(i386) 11.10.0,REV=2005.01.21.16.34

Select package(s) you wish to process (or 'all' to process
all packages). (default: all) [?,??,q]: 
Transferring  package instance

Once the packages were extracted to /tmp/u, I started to poke around to see which files were included in the package:

$ cd /tmp/u/*

$ find .

.
./pkginfo
./pkgmap
./install
./install/checkinstall
./install/postinstall
./reloc
./reloc/usr
./reloc/usr/lib
./reloc/usr/lib/amd64
./reloc/usr/lib/amd64/libzonecfg.so.1
./reloc/usr/lib/libzonecfg.so.1
./reloc/usr/share
./reloc/usr/share/lib
./reloc/usr/share/lib/xml
./reloc/usr/share/lib/xml/dtd
./reloc/usr/share/lib/xml/dtd/zonecfg.dtd.1

Since the new version of libzonecfg.so was most likely the cause of my problems, I backed up the shared libraries the patch had installed in /usr/lib and /usr/lib/amd, and then replaced these with the versions I had extracted to /tmp/u:

$ cd /usr/lib

$ pwd
/usr/lib

$ cp libzonecfg.so.1 libzonecfg.so.1.orig

$ cp /tmp/u/SUNWzoneu/reloc/usr/lib/libzonecfg.so.1 .

$ cd /usr/lib/amd

$ pwd
/usr/lib/amd

$ cp libzonecfg.so.1 libzonecfg.so.1.orig

$ cp /tmp/u/SUNWzoneu/reloc/usr/lib/amd/libzonecfg.so.1 .

Once the old version of libzonecfg was in place, I was able to boot my zones without issue:

$ zoneadm -z dns boot

This experience once again leads me to wonder if Sun actually tests patches prior to sending them out to the public (this is my second bad experience in as many months). Now to schedule another downtime to properly back out the patch. :(

Viewing previous dates with GNU date

GNU date has some nifty options, and is a time keepers toolbox rolled up into an ELF executable. One really cool option in GNU date is the ability to print a date in the past using the the “–date” option, and the “days ago” format string:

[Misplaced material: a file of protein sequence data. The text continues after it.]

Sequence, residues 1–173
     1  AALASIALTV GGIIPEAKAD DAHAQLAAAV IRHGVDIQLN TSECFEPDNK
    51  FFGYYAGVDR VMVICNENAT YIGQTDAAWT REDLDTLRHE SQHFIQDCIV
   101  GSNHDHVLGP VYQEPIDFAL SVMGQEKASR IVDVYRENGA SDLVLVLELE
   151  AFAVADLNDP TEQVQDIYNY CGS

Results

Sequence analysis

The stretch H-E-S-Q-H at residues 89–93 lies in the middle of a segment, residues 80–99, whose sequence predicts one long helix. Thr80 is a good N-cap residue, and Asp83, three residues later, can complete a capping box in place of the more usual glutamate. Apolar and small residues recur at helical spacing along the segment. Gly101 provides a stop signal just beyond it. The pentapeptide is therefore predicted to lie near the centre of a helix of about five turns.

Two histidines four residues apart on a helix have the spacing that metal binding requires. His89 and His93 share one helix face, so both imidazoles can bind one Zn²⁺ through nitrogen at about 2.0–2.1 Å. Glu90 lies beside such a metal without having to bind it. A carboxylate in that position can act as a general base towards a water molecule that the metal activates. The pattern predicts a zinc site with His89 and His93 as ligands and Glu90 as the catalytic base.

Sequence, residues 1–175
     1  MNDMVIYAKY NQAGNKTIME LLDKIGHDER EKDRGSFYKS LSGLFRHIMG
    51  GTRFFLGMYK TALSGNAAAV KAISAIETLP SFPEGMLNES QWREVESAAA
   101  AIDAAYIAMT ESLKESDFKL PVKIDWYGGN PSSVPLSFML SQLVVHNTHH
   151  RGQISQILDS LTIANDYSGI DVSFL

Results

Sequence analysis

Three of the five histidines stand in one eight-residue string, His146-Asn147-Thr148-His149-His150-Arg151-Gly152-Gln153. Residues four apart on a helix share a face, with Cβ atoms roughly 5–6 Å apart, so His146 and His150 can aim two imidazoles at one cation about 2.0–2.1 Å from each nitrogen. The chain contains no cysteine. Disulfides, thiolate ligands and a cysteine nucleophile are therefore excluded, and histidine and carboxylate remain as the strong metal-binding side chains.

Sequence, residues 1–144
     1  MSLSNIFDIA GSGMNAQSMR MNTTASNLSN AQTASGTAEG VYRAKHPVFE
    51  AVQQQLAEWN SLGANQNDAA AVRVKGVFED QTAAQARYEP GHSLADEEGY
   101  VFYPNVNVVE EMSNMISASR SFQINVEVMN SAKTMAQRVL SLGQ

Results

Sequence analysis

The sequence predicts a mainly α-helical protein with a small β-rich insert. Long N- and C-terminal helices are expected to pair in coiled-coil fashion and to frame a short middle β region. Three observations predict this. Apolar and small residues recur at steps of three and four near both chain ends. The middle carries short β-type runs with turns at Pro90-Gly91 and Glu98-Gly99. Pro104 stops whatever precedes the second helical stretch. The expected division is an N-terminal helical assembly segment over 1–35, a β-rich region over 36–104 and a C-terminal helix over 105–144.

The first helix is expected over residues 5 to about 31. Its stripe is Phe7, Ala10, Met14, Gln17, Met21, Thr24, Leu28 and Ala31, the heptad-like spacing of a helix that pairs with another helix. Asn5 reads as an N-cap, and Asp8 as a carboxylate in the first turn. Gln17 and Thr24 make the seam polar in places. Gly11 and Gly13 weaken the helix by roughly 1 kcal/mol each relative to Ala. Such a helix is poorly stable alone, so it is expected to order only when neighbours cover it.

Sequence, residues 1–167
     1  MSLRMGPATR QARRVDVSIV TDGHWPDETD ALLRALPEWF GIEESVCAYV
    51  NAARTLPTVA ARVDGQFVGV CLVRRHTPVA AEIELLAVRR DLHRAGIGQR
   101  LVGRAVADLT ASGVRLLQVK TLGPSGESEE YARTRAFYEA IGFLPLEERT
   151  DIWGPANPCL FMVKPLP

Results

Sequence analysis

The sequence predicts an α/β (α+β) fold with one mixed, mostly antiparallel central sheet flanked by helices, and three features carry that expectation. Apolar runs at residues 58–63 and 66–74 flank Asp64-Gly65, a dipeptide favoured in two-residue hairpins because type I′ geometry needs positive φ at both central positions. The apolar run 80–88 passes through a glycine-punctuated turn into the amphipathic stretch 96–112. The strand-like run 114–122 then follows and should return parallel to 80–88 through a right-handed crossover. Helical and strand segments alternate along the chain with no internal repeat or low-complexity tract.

$ date –date=”30 days ago”
Wed Aug 30 15:15:51 EDT 2006

$ date –date=”10 years ago”
Sun Sep 29 15:15:56 EDT 1996

Now if only more vendors would include GNU date with their operating system. :)

Solaris needs SMART support! Please help!

While attempting to run the smartctl utility a few weeks back on an x86 Solaris 10 host with IDE disk drives, I received the following error:

$ smartctl -a /dev/dsk/c1d0s0

smartctl version 5.36 [i386-pc-solaris2.10] Copyright (C) 2002-6 Bruce Allen
Home page is http://smartmontools.sourceforge.net/

#######################################################################
ATA command routine ata_command_interface() NOT IMPLEMENTED under Solaris.
Please contact smartmontools-support@lists.sourceforge.net if
you want to help in porting smartmontools to Solaris.
#######################################################################

Smartctl: Device Read Identity Failed (not an ATA/ATAPI device)

A mandatory SMART command failed: exiting. To continue, add one or more '-T permissive' options.